I asked my friend, Mary Ellen Cortizas, ME, to join us to help us better understand testing. ME has been running labs for about 25 years.  While she isn’t a lab tech, a pathologist, or scientist, she and I have spent many hours mulling over the ‘so what does this mean for regular folk’ for many topics over coffee and at meetings since we met and began working together at Boston Children’s Hospital in 2008.

Health Hats: ME Cortizas, welcome. I’m so glad to be talking to you. Everybody, ME and I are old pals. We worked together at Boston Children’s Hospital. I led the Patient Family Experience initiative. ME ran the lab. We actually got into some trouble together.

ME Cortizas: Yes, we did. Danny. Some of my favorite times at BCH was getting into trouble with you.

Don’t understand COVID-19 testing? You’re not alone.

Health Hats: Yes.  Anyway, I wanted to talk to you about testing.  It seems like such a mystery. Talking about testing is just too big. People talk about it. I want to say stuff like, I don’t think they understand it, but I don’t understand it enough to be helpful myself. I just know that they’re not right.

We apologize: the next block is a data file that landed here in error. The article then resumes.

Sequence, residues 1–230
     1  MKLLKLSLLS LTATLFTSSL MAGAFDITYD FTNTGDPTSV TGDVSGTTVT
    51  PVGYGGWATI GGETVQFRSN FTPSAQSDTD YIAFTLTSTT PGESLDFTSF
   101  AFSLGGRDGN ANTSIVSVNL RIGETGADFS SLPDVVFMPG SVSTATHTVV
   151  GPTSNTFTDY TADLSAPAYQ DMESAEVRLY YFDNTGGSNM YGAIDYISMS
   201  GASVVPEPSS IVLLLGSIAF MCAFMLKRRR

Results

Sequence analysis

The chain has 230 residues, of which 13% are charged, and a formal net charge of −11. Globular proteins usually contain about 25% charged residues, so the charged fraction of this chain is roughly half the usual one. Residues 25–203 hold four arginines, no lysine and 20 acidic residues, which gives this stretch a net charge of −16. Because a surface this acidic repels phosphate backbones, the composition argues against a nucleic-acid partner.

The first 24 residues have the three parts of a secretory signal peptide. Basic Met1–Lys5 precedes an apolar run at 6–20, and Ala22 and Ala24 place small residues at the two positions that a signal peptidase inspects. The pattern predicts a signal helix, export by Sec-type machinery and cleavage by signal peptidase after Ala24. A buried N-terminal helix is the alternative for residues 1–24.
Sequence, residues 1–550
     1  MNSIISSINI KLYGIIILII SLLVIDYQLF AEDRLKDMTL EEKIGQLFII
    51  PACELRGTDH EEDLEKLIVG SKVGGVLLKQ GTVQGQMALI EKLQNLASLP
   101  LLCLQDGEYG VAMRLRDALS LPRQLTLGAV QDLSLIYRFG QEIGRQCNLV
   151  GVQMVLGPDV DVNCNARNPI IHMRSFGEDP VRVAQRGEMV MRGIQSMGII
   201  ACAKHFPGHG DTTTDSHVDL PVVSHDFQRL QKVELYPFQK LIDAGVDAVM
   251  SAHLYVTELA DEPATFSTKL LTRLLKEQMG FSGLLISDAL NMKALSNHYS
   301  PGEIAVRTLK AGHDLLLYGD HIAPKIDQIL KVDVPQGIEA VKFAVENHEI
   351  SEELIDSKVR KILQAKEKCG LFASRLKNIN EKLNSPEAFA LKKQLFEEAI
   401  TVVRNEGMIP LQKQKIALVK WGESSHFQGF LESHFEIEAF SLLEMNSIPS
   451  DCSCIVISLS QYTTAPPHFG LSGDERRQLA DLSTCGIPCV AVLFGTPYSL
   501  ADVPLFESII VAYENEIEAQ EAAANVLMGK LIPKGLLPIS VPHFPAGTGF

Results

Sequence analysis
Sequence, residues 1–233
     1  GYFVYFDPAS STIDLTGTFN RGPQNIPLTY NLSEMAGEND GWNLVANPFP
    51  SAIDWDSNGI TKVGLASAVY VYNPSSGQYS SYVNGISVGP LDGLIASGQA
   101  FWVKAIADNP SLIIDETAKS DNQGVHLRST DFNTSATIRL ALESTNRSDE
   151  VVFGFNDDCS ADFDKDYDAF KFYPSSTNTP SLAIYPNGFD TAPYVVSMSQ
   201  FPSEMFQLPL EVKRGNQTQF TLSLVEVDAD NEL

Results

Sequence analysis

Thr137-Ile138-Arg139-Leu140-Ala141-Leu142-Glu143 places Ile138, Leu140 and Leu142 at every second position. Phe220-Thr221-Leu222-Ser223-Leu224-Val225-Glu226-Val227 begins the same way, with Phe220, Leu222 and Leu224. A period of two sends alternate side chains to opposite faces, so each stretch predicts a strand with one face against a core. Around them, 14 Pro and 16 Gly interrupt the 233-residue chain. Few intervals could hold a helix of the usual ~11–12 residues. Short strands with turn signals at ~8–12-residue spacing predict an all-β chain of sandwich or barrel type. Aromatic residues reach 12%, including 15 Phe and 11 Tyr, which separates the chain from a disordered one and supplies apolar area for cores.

ME Cortizas: Yes. The fact is the whole realm of testing, particularly for infectious diseases. Is really complicated. And, and, you know, I’ll just comment that I, you know, I’m not a laboratorian, right. I run, I run operations. I’ve been fortunate in that. Although I do have a science degree and a background, I’ve been able to learn a lot and understand that testing is complex. And yet people, people want this to be sort of be the end all of any disease. It gets challenging to try to explain to someone, all of the complexities of how tests get built and what they’re built for and what they’re not built for. I’ve watched in my time, very common diseases that despite years and years and years of research don’t have defined laboratory tests that give people an answer. And that’s a real challenge for folks. I think.